Dancing the Revolution: Feminism in Burlesque History

Lada Redstar performs at Burlesque Hall of FameMost burlesque dancers throughout history would not have considered themselves “feminists”. In fact, many clashed with the feminists of the day who were attacking their livelihoods. But feminist principles are found throughout burlesque’s history. Women in burlesque defied social and gender norms to assert themselves and their bodies. As artists, as workers, and as women, burlesque performers practiced on stage the ideals that feminists put forth in their books, essays, and speeches.

In the 19th century, when women were better appreciated as unseen, unheard helpmeets and homemakers, burlesque performers made women and women’s place very visible...

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Body of Work: Midcentury Burlesque Through the Lens of F. Roy Kemp

Blaze Starr by F. Roy KempCanadian photojournalist F. Roy Kemp spent the 1950s documenting the New York burlesque scene, producing thousands of images that give us a glimpse into the public and private lives of performers unparalleled in other photographers’ work. Through October 2019, the Burlesque Hall of Fame will feature selections of this work, with images of burlesque superstars like Tempest Storm, Blaze Starr, Zorita, and Jennie Lee, as well as lesser-known performers like Zizi Richards and Naja Karamuru.

Kemp shot pin-ups, but he was decidedly not a pin-up photographer. His best shots catch his subjects on stage, backstage, and in their homes. Kemp’s photos present an almost ethnographic view of the live of a working performer...

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Becoming Burlesque

In 1927, struggling vaudevillean Rose Louise Hovick stepped onto a burlesque stage for the first time, transforming herself into the urbane, sophisticated stripper Gypsy Rose Lee. Burlesque has always been a domain of transformation, allowing ambitious farmgirls, impoverished workers, and runaways of all kinds to become new people, to become fantasies.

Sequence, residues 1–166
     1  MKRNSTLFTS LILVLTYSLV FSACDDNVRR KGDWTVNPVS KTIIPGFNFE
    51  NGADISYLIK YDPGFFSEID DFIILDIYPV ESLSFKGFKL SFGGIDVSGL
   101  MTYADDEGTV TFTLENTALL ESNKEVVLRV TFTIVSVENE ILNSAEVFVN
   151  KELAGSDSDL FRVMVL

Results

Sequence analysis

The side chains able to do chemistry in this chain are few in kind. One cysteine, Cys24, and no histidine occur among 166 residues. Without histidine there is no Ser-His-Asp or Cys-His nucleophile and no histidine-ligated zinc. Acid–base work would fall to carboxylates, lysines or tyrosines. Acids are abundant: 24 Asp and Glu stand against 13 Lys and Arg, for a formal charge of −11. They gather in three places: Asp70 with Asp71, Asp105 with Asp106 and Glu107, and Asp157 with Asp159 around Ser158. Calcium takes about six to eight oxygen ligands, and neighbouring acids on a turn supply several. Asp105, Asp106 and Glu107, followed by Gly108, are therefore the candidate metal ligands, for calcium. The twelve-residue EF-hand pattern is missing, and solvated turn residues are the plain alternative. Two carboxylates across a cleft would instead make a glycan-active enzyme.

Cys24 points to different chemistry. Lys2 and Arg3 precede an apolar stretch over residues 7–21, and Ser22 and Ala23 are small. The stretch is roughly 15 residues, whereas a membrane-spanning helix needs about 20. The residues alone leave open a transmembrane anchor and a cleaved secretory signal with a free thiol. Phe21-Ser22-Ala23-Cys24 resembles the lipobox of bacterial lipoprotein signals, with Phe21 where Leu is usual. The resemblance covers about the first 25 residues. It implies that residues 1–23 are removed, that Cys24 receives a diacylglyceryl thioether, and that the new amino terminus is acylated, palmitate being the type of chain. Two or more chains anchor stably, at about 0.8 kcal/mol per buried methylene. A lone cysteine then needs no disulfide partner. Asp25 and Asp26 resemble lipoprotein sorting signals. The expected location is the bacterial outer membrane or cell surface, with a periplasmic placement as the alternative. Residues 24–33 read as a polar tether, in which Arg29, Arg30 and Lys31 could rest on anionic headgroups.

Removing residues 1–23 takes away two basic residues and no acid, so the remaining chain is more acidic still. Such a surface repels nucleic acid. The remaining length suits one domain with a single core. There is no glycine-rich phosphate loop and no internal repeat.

Becoming Burlesque

Today’s burlesque makes a point of welcoming all comers. Most performers create their own costumes, choreography, and stage identities, and embrace newcomers regardless of their age, appearance, ethnicity, sexuality, or level of physical ability. “Sexy” lies not so much in one’s looks or body type but in the confidence of your step, the knowing wink, the slow tease, and the courage to bare it all.

Step into our Bawdy Shop Studio and...

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Spectacular, Erotic, and Slightly Shocking: A Timeline of Burlesque in the United States

Image from Timeline of Burlesque HistoryWith roots in the tragicomedies of ancient Greece, American burlesque first emerged in 1860s. Driven by the industrial working class’ hunger for entertainment, an individualistic mindset at odds with the Victorian morality of turn-of-the-century America, the poverty of the Great Depression and the economic resurgence of World War II, burlesque endured while closely related art forms like vaudeville and minstrelsy faded from view. The Burlesque Hall of Fame’s permanent exhibition, Spectacular, Erotic, and Slightly Shocking: A Timeline of American Burlesque, explores the development of burlesque in America from the earliest flashes of tight-clad legs through the invention of the striptease and the ascendancy of burlesque stars to American folk heroes and ultimately to the decline of burles...

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